In a draft text of the communique obtained by The Jerusalem Post to be issued at the end of the conference, the participants will call on each side ‘’to independently demonstrate, through policies and actions, a genuine commitment to the two state solution and refrain from unilateral steps that prejudge the outcome of negotiations, including on Jerusalem or any other final status issue.’’

Diplomatic sources said that Jerusalem was one of the main issues of disagreement at the debates over the final conference statement, and that the wording could still change before the end of the meeting. According to these sources, the Palestinians, through the representative of the Arab League, have asked to rephrase some of the text.

The draft also states that ‘’as follow-up to the conference, interested participants, expressing their readiness to review progress, resolve to meet again before the end of the year to support both sides in advancing the two state solution.’’

Meanwhile, Palestinian Authority President Abbas did not arrive to Paris Sunday morning, contrary to information originally put out by the French Foreign Minister, and to reports that he was to meet French President Francois Hollande over the weekend.

Apparently, the decision to cancel his visit came from the Elysee (the official residence of the President of France), with President Hollande preferring to meet Abbas at a later stage. Palestinian sources said that Abbas will arrive to Paris in about two weeks, but French authorities said that no date had yet been fixed.

Trump’s Jews and Obama’s Jews
The Left is losing the culture war within the Jewish 

The Left is losing the culture war within the Jewish community.
Daniel Greenfield, a Shillman Journalism Fellow at the Freedom Center, is a New York writer focusing on radical Islam.
Seen from above, the 2016 electoral map of New York City is blue with dots of red. Trump’s home district is blue, but across the water a red wedge slices into Brooklyn. Around that red wedge are districts where Hillary won 90 percent of the vote and Trump was lucky to get 5 percent. Inside it, he beat her in district after district.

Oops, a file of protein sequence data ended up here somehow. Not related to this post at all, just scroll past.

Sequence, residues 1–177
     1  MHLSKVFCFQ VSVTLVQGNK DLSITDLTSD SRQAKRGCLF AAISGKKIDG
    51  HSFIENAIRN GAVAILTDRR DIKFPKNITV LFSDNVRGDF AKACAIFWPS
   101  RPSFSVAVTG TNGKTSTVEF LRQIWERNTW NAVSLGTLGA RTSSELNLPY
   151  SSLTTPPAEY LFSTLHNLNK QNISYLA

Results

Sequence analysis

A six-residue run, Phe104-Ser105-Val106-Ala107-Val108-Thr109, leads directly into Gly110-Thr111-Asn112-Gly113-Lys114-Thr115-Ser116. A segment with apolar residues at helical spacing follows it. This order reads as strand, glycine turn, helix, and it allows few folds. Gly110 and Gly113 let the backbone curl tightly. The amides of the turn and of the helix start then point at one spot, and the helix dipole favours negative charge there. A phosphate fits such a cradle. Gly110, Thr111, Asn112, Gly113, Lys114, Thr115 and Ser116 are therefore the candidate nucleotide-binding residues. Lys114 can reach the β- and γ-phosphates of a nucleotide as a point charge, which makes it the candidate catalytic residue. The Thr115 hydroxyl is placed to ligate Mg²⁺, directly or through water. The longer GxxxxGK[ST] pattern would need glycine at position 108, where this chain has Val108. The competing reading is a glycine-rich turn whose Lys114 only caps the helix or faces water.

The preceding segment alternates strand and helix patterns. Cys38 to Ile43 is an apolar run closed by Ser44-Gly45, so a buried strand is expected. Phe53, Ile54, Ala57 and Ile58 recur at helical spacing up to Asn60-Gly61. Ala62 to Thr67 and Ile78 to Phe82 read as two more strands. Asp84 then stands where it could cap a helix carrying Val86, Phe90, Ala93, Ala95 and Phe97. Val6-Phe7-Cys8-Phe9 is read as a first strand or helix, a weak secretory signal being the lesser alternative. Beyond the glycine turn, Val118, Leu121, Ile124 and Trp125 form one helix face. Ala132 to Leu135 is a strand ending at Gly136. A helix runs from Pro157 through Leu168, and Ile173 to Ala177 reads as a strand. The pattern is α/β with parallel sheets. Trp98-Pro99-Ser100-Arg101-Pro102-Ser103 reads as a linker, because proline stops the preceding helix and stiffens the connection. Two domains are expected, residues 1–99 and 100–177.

The voters who handed him that victory are the Chassidic Jews of Williamsburg who dress in fur hats and black caftans. Their districts, crammed in by hipsters and minorities, are a world away from the progressive activist temples whose clergy went into mourning at Hillary’s loss.
East of Prospect Park, in a vast sea of blue, is what looks like a red sofa. Trump won here with the Chabad Chassidim of Crown Heights. He won in the more mainstream Orthodox Jewish communities of Flatbush. He won by huge margins among the Russian Jewish immigrants of Brighton Beach who listen to a man dubbed the “Russian Rush Limbaugh.” 
As the left-wing Forward put it, “Nearly every election district that Trump won in Brooklyn was in a Jewish neighborhood.” But it was a certain type of Jewish neighborhood. The wrong type.
“You can compare them to Rust Belt voters,” a Forward source states. “They are hardworking people, not college educated.”
And then in Far Rockaway where the housing projects by the beach give way to the red Orthodox Jewish communities that extend into Long Island. 
There’s a line that recurs again and again in the attacks on David Friedman; the man picked by President-elect Trump to serve as the ambassador to Israel. It’s not stated openly. It’s implied.
“David Friedman, a bankruptcy lawyer from Long Island,” is the sneering summary.